Culture ties into every aspect of the human life, including death. There may be right and wrong ways to handle the death of someone, as well as time periods involved. There may also be set people that need to know over others in certain cultures or religions. It is important to not disrespect anyone’s family or even themselves when it comes to that time of life. For example, Buddhists believe that after taking one’s last breath, the body should
When an individual dies, their death can greatly impact the loved ones they leave behind. Each mourner may feel and perceive the death differently from one another, but one common factor that can influence the mourner’s beliefs, values, and views about a person’s death is their culture. Their culture can regulate the way the mourner copes with the death of a loved one, what they do with the physical deceased body, and how they may honor the dead afterwards (Cartaret, 2011). For me, my culture is relatively related to the Catholic, Hispanic American culture, which is a broad and subjective category, but it is what I believe that guides my views towards life and death. I have additionally chosen to learn about the cultural practices of Hinduism of Indians on death
Not everybody has the same beliefs about certain things. The world is a big place with billions of people and a lot of them have their own beliefs. One belief about death is the way Buddhism people see it and their belief is reincarnation. Today, Buddhism is found in Japan, Thailand, Myanmar, Laos, and China and in India, Sri Lanka Pakistan, Bangladesh and Nepal, Cambodia, also in the European countries and the USA. It is believed that the Buddhist population of the world is over five hundred million. Five hundred million people believe that if you die it is not the end of your life but the beginning of a new one. Your new life would be reborn in one of six realms which are: heaven, human beings, Asura, hungry ghost, animal and hell. This all depends on the karma of your life; the better your karma is, the better your reincarnation would be, and that is called the
There are many religions that have different beliefs about dying. Buddhist?s do not believe in life after death meaning heaven. Buddhist?s believe that when one dies he is reborn again and this continues until the person reaches Nirvana. Nirvana is
There is belief of life after death. The soul of a dead person first lingers around the earth for three days as a result of separation from its body. On the third day, the soul is judged by its doings an is either taken to paradise (heaven) or to the world of punishment (hell).
Different cultures, countries, religions, and community with various behaviors and rituals that guides their belief and action when a loved one pass away. Religious and spiritual belief, type of life after death, superstitious beliefs after death and beliefs towards the meaning of life are all based on tradition and death ritual.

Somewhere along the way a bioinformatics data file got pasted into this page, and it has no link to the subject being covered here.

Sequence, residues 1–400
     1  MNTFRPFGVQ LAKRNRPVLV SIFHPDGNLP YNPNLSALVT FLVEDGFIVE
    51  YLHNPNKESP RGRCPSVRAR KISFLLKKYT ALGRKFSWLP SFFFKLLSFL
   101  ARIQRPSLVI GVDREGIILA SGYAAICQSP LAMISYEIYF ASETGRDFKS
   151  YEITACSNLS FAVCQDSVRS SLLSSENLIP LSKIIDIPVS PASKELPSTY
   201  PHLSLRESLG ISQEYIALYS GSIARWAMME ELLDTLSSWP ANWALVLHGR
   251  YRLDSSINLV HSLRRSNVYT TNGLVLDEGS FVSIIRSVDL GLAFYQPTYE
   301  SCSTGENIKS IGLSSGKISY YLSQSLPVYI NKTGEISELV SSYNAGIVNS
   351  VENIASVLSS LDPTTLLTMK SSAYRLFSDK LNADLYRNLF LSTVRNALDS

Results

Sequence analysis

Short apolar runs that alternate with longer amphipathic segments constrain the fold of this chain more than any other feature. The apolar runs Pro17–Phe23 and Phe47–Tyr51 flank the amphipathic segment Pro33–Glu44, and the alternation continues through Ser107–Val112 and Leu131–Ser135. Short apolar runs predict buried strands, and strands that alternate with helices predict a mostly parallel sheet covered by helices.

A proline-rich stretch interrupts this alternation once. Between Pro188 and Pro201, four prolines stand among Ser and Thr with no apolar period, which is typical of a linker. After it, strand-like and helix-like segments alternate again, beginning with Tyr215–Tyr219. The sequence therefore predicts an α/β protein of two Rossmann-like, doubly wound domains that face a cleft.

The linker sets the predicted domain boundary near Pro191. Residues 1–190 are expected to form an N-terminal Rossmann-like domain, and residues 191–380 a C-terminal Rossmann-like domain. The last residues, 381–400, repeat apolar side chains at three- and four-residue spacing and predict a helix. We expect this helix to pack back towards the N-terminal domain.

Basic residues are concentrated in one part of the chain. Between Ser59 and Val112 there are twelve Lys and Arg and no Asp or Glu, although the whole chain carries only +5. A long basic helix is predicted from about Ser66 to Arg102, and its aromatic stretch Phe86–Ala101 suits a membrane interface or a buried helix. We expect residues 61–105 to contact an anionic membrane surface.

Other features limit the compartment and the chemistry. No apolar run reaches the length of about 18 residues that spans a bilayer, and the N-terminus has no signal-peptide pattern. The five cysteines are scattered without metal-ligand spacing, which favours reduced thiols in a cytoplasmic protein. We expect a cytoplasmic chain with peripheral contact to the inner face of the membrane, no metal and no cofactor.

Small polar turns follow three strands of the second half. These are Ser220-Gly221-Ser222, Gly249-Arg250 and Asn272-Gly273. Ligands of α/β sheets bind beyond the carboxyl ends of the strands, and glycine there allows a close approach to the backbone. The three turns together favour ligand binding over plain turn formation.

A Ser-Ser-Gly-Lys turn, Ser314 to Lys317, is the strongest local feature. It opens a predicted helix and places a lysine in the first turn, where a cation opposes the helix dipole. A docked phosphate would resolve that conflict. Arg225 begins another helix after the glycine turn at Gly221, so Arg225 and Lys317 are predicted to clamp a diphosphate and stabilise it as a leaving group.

Today the Chinese population still follows these traditions with a few small exceptions of modern times. All elders are given respect in the Chinese society, those living or deceased. There is a question that still remains in this culture on how to prepare a funeral of unmarried adults and children. No respect is given to a person who died as a bachelor or bachelorette, or if they did not have children. They are not considered an elder and do not have children that prepare the funeral for them. Children are also shown no respect because they do not have anyone to prepare their death ritual. They are left at their funeral home and the family members preform these burials in silence. The children in Chinese families prepare funerals for elders. It is considered proper for the children of the deceased to go into debt in order to pay respect for the older people at the funeral. The body of the dead must be washed with care, dusted with talcum powder, and dressed in the nicest clothes from the personal wardrobe before being placed in the casket for burial. All of the other clothing that belongs to the deceased elder must be burned. The deceased is never dressed in red because it is believed that it will turn the corpse into a ghost. The body is placed on a yellow cloth with the face covered, and then the body is covered with a blue cloth. All statues of deities are covered with red paper and all mirrors are removed from site in the home when preparing the home for the death ritual. The mirror is removed so that no one sees the coffin in the mirror. If someone sees the coffin in the mirror, it is believed that you will have a death within your own family soon. A white cloth is hung in the doorway and a gong is placed outside the door of the home of the deceased. If the person who is deceased is a male, it is placed on the left side; if female, it is placed